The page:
lidocaine hydrochloride injection, USP 2% SINGLE DOSE VIAL Overdosage

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OVERDOSAGE

Acute emergencies from local anesthetics are generally related to high plasma levels encountered during therapeutic use of local anesthetics or to unintended subarachnoid injection of local anesthetic solution (see ADVERSE REACTIONS, WARNINGS, and PRECAUTIONS).

Management of Local Anesthetic Emergencies

The first consideration is prevention, best accomplished by careful and constant monitoring of cardiovascular and respiratory vital signs and the patient's state of consciousness after each local anesthetic injection. At the first sign of change, oxygen should be administered.

The first step in the management of convulsions, as well as underventilation or apnea due to unintended subarachnoid injection of drug solution, consists of immediate attention to the maintenance of a patent airway and assisted or controlled ventilation with oxygen and a delivery system capable of permitting immediate positive airway pressure by mask. Immediately after the institution of these ventilatory measures, the adequacy of the circulation should be evaluated, keeping in mind that drugs used to treat convulsions sometimes depress the circulation when administered intravenously. Should convulsions persist despite adequate respiratory support, and if the status of the circulation permits, small increments of an ultra-short acting barbiturate (such as thiopental or thiamylal) or a benzodiazepine (such as diazepam) may be administered intravenously. The clinician should be familiar, prior to the use of local anesthetics, with these anticonvulsant drugs. Supportive treatment of circulatory depression may require administration of intravenous fluids and, when appropriate, a vasopressor as directed by the clinical situation (e.g., ephedrine).

If not treated immediately, both convulsions and cardiovascular depression can result in hypoxia, acidosis, bradycardia, arrhythmias and cardiac arrest. Underventilation or apnea due to unintentional subarachnoid injection of local anesthetic solution may produce these same signs and also lead to cardiac arrest if ventilatory support is not instituted. If cardiac arrest should occur, standard cardiopulmonary resuscitative measures should be instituted.

Endotracheal intubation, employing drugs and techniques familiar to the clinician, may be indicated, after initial administration of oxygen by mask, if difficulty is encountered in the maintenance of a patent airway or if prolonged ventilatory support (assisted or controlled) is indicated.

Dialysis is of negligible value in the treatment of acute overdosage with lidocaine HCl.

The oral LD50 of lidocaine HCl in non-fasted female rats is 459 (346 to 773) mg/kg (as the salt) and 214 (159 to 324) mg/kg (as the salt) in fasted female rats.

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Overdosage

OVERDOSAGE

Acute emergencies from local anesthetics are generally related to high plasma levels encountered during therapeutic use of local anesthetics or to unintended subarachnoid injection of local anesthetic solution (see ADVERSE REACTIONS, WARNINGS, and PRECAUTIONS).

Management of Local Anesthetic Emergencies

The first consideration is prevention, best accomplished by careful and constant monitoring of cardiovascular and respiratory vital signs and the patient's state of consciousness after each local anesthetic injection. At the first sign of change, oxygen should be administered.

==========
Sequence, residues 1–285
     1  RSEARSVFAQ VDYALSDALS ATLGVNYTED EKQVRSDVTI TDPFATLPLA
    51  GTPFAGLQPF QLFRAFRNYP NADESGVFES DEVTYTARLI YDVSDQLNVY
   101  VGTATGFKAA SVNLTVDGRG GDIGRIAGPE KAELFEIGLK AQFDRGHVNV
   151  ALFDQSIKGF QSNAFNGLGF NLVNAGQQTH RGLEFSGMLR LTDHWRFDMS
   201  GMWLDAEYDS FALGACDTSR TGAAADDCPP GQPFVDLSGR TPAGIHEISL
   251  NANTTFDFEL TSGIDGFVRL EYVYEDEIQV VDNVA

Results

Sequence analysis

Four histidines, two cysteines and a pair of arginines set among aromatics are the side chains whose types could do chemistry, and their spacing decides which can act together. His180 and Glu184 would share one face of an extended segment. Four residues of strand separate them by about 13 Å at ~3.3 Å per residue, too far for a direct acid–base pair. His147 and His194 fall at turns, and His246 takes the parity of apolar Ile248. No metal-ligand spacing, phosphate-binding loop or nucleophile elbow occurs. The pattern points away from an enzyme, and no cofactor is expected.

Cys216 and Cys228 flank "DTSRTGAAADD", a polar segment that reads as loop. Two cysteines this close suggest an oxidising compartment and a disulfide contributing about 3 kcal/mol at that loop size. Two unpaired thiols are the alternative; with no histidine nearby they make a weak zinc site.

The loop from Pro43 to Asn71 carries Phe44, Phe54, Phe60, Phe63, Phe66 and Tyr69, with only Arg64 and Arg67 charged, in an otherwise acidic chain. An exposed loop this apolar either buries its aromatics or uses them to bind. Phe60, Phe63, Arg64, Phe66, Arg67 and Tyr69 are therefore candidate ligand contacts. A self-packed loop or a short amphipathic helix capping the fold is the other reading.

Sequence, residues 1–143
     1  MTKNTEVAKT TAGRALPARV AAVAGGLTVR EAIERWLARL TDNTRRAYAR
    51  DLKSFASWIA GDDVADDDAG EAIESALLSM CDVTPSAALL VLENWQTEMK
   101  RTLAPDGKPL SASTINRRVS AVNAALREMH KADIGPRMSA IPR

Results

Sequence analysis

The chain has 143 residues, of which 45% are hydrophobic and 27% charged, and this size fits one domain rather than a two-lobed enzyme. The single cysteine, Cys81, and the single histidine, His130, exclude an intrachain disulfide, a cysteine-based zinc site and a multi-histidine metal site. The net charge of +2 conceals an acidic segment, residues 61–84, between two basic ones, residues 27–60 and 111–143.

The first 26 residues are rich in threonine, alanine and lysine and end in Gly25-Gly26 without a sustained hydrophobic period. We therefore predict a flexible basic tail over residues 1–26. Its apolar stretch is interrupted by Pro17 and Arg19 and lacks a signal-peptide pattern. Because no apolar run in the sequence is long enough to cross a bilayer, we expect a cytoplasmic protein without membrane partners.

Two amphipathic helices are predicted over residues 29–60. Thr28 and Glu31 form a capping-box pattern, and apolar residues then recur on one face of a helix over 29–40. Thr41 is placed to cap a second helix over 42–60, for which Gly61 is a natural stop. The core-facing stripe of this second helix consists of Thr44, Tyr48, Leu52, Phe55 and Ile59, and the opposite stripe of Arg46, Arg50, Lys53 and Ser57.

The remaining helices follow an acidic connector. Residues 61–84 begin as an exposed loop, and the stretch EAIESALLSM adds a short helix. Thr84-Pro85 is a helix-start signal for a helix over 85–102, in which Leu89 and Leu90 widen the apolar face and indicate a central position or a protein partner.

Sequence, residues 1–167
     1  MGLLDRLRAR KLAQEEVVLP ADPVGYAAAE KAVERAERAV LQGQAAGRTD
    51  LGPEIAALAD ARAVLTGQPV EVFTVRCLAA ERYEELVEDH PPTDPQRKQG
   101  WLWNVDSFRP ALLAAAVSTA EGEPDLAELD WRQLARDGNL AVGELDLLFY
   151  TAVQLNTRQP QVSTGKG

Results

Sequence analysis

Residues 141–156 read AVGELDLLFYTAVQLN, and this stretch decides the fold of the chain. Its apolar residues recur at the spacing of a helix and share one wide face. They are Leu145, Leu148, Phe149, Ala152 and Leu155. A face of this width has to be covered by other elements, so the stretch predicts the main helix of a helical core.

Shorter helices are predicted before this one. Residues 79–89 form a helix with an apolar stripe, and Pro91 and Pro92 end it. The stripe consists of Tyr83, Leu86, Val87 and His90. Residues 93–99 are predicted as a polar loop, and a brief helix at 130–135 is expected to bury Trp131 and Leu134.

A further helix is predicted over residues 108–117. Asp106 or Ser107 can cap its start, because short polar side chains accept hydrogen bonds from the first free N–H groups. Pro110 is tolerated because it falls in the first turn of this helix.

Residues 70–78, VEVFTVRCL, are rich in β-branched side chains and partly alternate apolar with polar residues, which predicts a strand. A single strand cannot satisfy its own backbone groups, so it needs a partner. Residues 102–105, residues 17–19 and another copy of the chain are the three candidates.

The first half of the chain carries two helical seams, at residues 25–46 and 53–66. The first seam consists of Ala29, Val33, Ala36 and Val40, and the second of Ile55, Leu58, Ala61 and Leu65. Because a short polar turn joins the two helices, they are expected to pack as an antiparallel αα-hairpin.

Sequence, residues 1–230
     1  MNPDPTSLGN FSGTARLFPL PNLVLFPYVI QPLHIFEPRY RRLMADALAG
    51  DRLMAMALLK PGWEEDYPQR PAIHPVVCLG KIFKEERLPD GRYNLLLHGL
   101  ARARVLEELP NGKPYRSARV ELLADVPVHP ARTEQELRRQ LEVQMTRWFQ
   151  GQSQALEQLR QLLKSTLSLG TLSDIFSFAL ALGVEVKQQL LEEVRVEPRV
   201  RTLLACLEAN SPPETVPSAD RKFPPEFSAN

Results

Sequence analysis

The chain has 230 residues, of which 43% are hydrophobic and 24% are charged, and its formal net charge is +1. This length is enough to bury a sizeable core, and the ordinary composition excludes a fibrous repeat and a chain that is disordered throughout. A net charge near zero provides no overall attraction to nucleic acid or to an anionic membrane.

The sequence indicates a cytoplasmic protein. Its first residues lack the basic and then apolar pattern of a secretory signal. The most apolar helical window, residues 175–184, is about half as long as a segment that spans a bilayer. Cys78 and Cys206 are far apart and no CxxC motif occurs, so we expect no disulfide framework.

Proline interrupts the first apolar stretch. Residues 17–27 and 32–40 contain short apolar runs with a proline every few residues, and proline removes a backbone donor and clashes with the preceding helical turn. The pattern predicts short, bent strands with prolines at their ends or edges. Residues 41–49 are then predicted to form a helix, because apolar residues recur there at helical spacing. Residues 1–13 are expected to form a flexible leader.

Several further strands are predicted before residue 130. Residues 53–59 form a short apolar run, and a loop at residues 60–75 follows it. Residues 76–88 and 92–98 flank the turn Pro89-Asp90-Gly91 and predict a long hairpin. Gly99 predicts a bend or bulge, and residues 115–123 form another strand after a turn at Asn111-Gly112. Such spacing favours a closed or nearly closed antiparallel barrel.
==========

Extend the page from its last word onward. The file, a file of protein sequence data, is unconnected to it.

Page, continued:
The first step in the management of convulsions, as well as underventilation or apnea due to unintended subarachnoid injection of drug solution, consists of immediate attention to the maintenance of a patent airway and assisted or controlled ventilation with oxygen and a delivery system capable of permitting immediate positive airway pressure by mask. Immediately after the institution of these ventilatory measures, the adequacy of the circulation should be evaluated, keeping in mind that drugs used to treat convulsions sometimes depress the circulation when administered intravenously. Should convulsions persist despite adequate respiratory support, and if the status of the circulation permits, small increments of an ultra-short acting barbiturate (such as thiopental or thiamylal) or a benzodiazepine (such as diazepam) may be administered intravenously. The clinician should be familiar, prior to the use of local anesthetics, with these anticonvulsant drugs. Supportive treatment of circulatory depression may require administration of intravenous fluids and, when appropriate, a vasopressor as directed by the clinical situation (e.g., ephedrine).

If not treated immediately, both convulsions and cardiovascular depression can result in hypoxia, acidosis, bradycardia, arrhythmias and cardiac arrest. Underventilation or apnea due to unintentional subarachnoid injection of local anesthetic solution may produce these same signs and also lead to cardiac arrest if ventilatory support is not instituted. If cardiac arrest should occur, standard cardiopulmonary resuscitative measures should be instituted.

Endotracheal intubation, employing drugs and techniques familiar to the clinician, may be indicated, after initial administration of oxygen by mask, if difficulty is encountered in the maintenance of a patent airway or if prolonged ventilatory support (assisted or controlled) is indicated.

Dialysis is of negligible value in the treatment of acute overdosage with lidocaine HCl.

The oral LD50 of lidocaine HCl in non-fasted female rats is 459 (346 to 773) mg/kg (as the salt) and 214 (159 to 324) mg/kg (as the salt) in fasted female rats.

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